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Digital Blackface Is a Huge Problem on TikTok, and It Needs to Be Talked About

Ralinda Watts
·4-min read
A teenager presents a smartphone with the logo of Chinese social network Tik Tok, on January 21, 2021 in Nantes, western France. (Photo by LOIC VENANCE / AFP) (Photo by LOIC VENANCE/AFP via Getty Images)
A teenager presents a smartphone with the logo of Chinese social network Tik Tok, on January 21, 2021 in Nantes, western France. (Photo by LOIC VENANCE / AFP) (Photo by LOIC VENANCE/AFP via Getty Images)

TikTok has exploded in popularity in recent months thanks to its quick recipes, fun dance challenges, decor inspiration, and more, but despite the positives, there's also one deeply disturbing thing that's running rampant on the app that needs to stop: digital Blackface. The use of Blackness in the form of images and AAVE (African American Vernacular English) is often seen as innocent and fun, but digital Blackface introduces age-old stereotypes to a new generation of digital natives, further contributing to the dehumanization of Black people for white consumption.

TikTok as a platform continues to uplift white creators over Black and other creators of color, with white creators largely profiting off of Black culture.

Digital Blackface is the term used to describe the phenomenon of non-Black people using Black people and culture as emotional reactions on social media. It perpetuates racism in nonchalant ways in the form of GIFs, emoji, stickers, and memes. On TikTok, digital Blackface has expanded to include quick 60-second videos featuring white people exaggerating stereotypes, gestures, and "blaccents" by way of jokes and skits for laughter or in mini lessons to solve math equations. These expressions can seem harmless in nature, but the co-opting of Blackness for profit is an example of modern-day minstrel shows, which were a form of American entertainment in which white performers donned literal Blackface to perform dance and musical skits for all-white audiences.

Gaining popularity in the 19th century, minstrel shows portrayed Black people as dumb, lazy, or happy-go-lucky caricatures, which heavily contributed to how white people perceived Black people within society. Digital Blackface continues this tradition on TikTok, as the content is performed exclusively by white creators that consistently perpetuate stereotypes. An example of this would be of the "sassy" or "loud" Black woman, a reinforcement of a widely held stereotype within everyday life.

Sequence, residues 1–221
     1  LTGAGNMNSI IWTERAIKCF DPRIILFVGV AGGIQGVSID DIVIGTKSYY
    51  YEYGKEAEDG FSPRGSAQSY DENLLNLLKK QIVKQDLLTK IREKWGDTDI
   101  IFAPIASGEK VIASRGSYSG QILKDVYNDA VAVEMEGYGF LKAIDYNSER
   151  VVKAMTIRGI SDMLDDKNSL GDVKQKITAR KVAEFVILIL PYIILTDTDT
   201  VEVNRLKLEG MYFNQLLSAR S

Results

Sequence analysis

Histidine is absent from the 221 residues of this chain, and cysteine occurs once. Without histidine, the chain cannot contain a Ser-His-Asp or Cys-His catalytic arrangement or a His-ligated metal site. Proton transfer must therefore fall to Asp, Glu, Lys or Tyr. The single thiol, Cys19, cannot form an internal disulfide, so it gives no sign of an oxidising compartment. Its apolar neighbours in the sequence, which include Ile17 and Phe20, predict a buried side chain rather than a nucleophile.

In the summer of 2020, TikTok came under fire for suppressing Black voices after George Floyd was murdered and the Black Lives Matter movement began to grow on social media. Black creators found that videos under the hashtags #BlackLivesMatter and #GeorgeFloyd had zero views despite being recorded to have over one billion amid the protests. Once TikTok fixed their supposed glitch, the app released a diversity and inclusion statement, similar to other tech companies following the unrest.

Despite this token effort, TikTok as a platform continues to uplift white creators over Black creators and other creators of color, with white creators largely profiting off of Black culture. Similar to society, TikTok upholds the same power structure of centering whiteness at the expense of Black identity. This is especially dangerous when people who aren't in proximity to Black people are informed about them through these stereotypes. Time and time again, systemic racism prevails at the nexus where Black culture is appropriated and co-opted by white creators for the purpose of entertainment.

Related: My Therapy Is Our Black Group Chat

"Digital Blackface seems like no big deal, but it's no small thing; it has grave consequences over time," Brooklyne Gipson, PhD, an assistant professor of communication at the University of Illinois, told POPSUGAR. "It's one of those insidious problems. On the surface it seems like 'just a joke,' however, most of the people who are partaking in it don't know what Blackface was or is, and so they don't realize that the first step in oppressing someone is denying the full complexity of their humanity. Black folks are the ones who suffer at the expense of this ignorance."

Now that TikTok is aware of the problematic issue of digital Blackface, I believe it can take measures to address it, including intervention and education. "There are some things the platform could do to intervene, such as banning certain memes or certain types of behavior or content on their platform," Dr. Gipson said. Implementing those changes would be a great first step to curbing this issue, but ultimately the onus is on the content creators who choose to act out these harmful stereotypes. Social media is our digital footprint, and creators will have to decide if they want their online presence to be one that contributes to the reinforcement of racism.

With over 200 million users and counting, TikTok's popularity continues to grow as do its Blackface performances. TikTok, as a social media platform, cannot divorce itself from the insidious racism that is perpetuated by its users. The future actions the platform chooses to take will dictate how we will remember the digital era, how we learn about each other, and how we choose to preserve or do away with the legacy of digital Blackface.